NCPA - National Center for Policy Analysis


July 20, 2006

One of the biggest barriers to high-quality health care for millions of U.S. residents has nothing to do with medicine: It has to do with language.

According to Glenn Flores, director of the Center for the Advancement of Underserved Children, there are 50 million people in the United States, 19 percent of the population, who speak a language other than English at home and 22 million who have limited English proficiency and the number is growing.

  • Between 1990 and 2000, the number of Americans speaking a language other than English at home grew by 15.1 million (a 47 percent increase) and the number with limited English proficiency grew by 7.3 million (a 53 percent increase).
  • Patients who face language barriers have difficulty accessing care, receive fewer preventive services, and are less likely to follow medication directions; for example, asthmatic children with language barriers are more likely to end up intubated in intensive care.

"Patients who do not have the opportunity to have a culturally and linguistically competent physician often don't get as good care," confirmed Robert Schwartz, chairman of family medicine and community health at the University of Miami Miller School of Medicine.  "It's a critical issue to be able to speak to a patient."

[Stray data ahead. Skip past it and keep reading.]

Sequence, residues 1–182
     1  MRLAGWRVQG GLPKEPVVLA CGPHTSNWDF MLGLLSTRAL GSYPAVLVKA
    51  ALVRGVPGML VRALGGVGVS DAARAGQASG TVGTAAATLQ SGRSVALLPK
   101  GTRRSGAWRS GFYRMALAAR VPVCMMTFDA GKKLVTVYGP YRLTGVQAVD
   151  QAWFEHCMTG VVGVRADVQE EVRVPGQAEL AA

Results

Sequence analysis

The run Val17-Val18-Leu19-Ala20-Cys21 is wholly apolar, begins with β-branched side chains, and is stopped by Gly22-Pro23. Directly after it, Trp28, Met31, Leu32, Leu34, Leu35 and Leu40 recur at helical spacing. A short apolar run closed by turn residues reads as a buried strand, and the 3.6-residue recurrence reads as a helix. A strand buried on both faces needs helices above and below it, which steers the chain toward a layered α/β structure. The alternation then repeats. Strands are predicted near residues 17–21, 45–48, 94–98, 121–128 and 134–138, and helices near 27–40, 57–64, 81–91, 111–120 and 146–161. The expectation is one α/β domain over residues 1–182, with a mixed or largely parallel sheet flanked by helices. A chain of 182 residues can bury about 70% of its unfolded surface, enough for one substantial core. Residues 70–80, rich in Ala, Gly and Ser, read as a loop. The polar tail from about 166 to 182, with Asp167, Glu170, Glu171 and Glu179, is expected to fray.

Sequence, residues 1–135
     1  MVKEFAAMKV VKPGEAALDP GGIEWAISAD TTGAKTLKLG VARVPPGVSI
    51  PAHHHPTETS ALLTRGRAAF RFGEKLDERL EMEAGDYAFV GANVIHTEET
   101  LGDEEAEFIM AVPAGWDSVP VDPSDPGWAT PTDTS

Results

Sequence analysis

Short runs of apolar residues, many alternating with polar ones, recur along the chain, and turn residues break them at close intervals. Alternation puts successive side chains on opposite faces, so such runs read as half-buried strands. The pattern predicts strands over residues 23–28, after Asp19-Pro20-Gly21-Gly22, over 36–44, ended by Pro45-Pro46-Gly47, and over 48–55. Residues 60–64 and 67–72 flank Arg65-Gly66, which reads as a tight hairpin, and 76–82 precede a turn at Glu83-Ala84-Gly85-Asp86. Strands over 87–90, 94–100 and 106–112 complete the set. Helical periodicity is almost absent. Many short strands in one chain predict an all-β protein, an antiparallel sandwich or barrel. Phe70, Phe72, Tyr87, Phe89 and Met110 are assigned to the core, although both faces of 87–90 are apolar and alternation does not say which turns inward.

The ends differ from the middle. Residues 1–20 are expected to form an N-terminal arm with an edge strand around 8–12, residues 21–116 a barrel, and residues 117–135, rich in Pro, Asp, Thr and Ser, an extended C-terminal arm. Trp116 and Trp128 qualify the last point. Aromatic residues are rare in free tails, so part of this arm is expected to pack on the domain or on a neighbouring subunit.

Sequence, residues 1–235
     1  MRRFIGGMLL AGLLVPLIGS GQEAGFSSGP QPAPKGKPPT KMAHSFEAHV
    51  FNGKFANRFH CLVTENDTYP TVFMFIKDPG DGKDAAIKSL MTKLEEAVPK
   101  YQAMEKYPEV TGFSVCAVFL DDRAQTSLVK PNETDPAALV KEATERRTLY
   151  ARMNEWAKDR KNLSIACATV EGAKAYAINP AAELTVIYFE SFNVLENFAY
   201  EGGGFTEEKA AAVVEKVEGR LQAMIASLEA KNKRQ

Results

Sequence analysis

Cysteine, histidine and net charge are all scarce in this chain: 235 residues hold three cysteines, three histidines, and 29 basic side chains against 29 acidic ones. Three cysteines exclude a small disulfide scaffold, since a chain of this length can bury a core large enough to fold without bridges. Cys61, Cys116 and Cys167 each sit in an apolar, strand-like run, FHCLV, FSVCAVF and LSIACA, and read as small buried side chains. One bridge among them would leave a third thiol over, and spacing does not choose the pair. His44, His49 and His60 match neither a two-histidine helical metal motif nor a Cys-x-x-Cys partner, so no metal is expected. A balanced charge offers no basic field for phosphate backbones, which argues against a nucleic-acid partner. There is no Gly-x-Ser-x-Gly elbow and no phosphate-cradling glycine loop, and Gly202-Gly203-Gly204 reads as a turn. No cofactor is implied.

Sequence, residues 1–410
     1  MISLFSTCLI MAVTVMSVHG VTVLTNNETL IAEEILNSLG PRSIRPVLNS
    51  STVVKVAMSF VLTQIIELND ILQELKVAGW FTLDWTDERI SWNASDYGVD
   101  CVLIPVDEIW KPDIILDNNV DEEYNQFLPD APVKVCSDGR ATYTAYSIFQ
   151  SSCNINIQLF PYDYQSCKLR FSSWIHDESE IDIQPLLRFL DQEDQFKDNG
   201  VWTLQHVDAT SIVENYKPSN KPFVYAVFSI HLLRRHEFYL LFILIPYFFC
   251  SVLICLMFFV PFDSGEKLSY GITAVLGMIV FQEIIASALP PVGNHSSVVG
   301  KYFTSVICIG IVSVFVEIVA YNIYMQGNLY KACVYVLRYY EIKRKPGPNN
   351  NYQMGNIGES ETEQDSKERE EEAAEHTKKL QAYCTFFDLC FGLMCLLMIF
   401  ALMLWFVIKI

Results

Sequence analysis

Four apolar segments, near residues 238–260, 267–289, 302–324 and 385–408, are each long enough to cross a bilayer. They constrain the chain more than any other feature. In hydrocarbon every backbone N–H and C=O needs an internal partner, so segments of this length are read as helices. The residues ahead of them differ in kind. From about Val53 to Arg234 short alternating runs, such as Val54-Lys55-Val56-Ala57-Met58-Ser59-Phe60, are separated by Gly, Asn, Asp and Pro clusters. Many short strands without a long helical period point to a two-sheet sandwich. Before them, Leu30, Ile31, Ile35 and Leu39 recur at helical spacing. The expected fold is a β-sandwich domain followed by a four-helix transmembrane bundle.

Schwartz's department serves a predominantly Hispanic part of Miami.  And in Miami, according to the journal article, 75 percent of residents speak a language other than English at home.

The language issues are most pronounced in the emergency room and in psychiatric settings.  One study found that no interpreter was used in 46 percent of emergency-room cases involving patients with limited English proficiency.

Psychiatric patients who have language barriers are more likely to receive a diagnosis of severe psychopathology, and are also more likely to leave the hospital against doctors' orders.

Source: HealthDay News, "Language a Widening Barrier to Health Care," Forbes, July 19, 2006.


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